A study recently published in the journal PNAS revealed new insights into a gene called Smchd1 that is involved in muscular dystrophy development. The study is entitled “Genome-wide binding and mechanistic analyses of Smchd1-mediated epigenetic regulation” and was conducted by a team led by researchers at the Walter and Eliza Hall Institute in Australia.
Facioscapulohumeral muscular dystrophy (FSHD) is an inherited form of muscular dystrophy characterized by progressive muscle weakness. The disorder affects the skeletal muscles of the face (facio), shoulders (scapula) and upper harms (humeral). FSHD is a rarely fatal disorder although it can be very debilitating. It is most commonly diagnosed in teenage or early adults, and is estimated to affect 1 in every 8,000 children. Currently there is no cure for the disease.
The gene Smchd1 is involved in DNA management and plays an essential role in X chromosome inactivation. In the study, researchers analyzed this gene as it has been reported to be dysfunctional in patients with FSHD2, a rare form of the disease that accounts for up to 5% of all FSHD cases.
“Our colleagues at the University of Leiden in the Netherlands work with patients who have FSHD2 and have been studying the genetic changes in these families,” explained the study’s co-lead author Kelan Chan in a news release. “We reproduced in the lab the genetic change to Smchd1 found in one of the families to better understand how this mutation alters Smchd1 and its ability to function in the cell. We discovered that just a single change to one molecule that makes up the DNA can affect the ability of Smchd1 to reach and bind to the DNA properly, and it is no longer able to do its job.”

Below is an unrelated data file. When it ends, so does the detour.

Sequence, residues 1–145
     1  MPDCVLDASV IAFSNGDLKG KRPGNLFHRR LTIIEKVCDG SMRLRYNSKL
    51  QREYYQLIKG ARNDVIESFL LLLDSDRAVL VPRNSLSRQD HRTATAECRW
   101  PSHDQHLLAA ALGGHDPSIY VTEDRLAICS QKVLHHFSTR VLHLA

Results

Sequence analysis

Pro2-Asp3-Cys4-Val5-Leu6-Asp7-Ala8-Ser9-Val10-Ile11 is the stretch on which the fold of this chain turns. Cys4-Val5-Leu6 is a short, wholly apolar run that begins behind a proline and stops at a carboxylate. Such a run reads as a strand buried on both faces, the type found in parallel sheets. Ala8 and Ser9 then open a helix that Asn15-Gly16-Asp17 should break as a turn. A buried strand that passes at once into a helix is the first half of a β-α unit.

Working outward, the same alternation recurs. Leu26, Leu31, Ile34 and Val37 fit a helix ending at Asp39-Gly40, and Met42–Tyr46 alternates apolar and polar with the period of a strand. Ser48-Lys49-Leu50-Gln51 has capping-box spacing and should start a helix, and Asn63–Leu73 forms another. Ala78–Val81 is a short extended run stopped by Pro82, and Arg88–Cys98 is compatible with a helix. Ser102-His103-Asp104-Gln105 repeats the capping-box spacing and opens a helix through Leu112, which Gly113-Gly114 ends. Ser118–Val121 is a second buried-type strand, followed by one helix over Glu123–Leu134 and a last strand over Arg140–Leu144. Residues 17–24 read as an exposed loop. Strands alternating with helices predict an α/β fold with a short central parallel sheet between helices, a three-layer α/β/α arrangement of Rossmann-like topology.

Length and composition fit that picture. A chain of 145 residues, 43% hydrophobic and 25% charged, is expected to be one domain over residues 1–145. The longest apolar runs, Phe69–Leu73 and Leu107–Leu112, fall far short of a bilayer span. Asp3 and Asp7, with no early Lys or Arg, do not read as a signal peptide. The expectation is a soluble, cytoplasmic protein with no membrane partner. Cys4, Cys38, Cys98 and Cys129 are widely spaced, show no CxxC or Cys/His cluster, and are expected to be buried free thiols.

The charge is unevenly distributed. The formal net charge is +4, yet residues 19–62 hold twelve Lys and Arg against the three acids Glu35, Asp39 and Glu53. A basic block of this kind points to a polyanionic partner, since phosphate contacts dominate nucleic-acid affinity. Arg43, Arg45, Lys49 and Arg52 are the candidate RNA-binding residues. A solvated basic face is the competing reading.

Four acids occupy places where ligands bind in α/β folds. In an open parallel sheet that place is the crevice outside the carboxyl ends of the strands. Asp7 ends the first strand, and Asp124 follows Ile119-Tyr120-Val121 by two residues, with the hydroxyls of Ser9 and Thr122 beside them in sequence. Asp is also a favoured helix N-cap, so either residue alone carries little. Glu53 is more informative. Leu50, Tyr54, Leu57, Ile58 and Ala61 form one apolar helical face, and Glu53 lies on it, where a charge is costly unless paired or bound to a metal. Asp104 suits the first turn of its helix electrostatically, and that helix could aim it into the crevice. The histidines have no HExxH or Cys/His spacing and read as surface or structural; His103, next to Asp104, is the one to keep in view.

Smchd1 encodes an epigenetic factor that can switch off genes, suppressing their function. “Epigenetic factors are like the punctuation marks on the DNA that enables the cell to read and comprehend it correctly for the functioning of the cell,” explained the study’s co-lead author Dr. Marnie Blewitt. “We knew that Smchd1 was an epigenetic suppressor — a factor that switches off genes that are unnecessary for that particular cells’ function — but we were in the dark about where and how it was acting on the DNA.”
Researchers have now discovered how Smchd1 interacts with the DNA molecule. “Smchd1 is enormous, I think of it as a massive ‘Goliath’ molecule,” said Dr. Blewitt. “So I had expected that this Goliath molecule would be greedy and crude, spreading out across the DNA to ‘exert its power. (…) In fact the opposite was true. Smchd1 is still a Goliath, but it very delicately squeezes itself into a tiny ‘seat’ on the DNA. It binds at just a few discrete sites on the DNA, then draws these pieces together to ‘shield’ them from being activated.”
The team believes that their findings can be of value in the development of future therapies for FSHD. “FSHD is a progressive disease, and we don’t begin to see symptoms until the affected person is in their teens or early 20s,” noted Dr. Blewitt. “By understanding the function of Smchd1 and how mutations affect its function, we could in the long term develop drugs that would substitute for its activity and prevent the debilitating muscle wasting which occurs in FSHD.”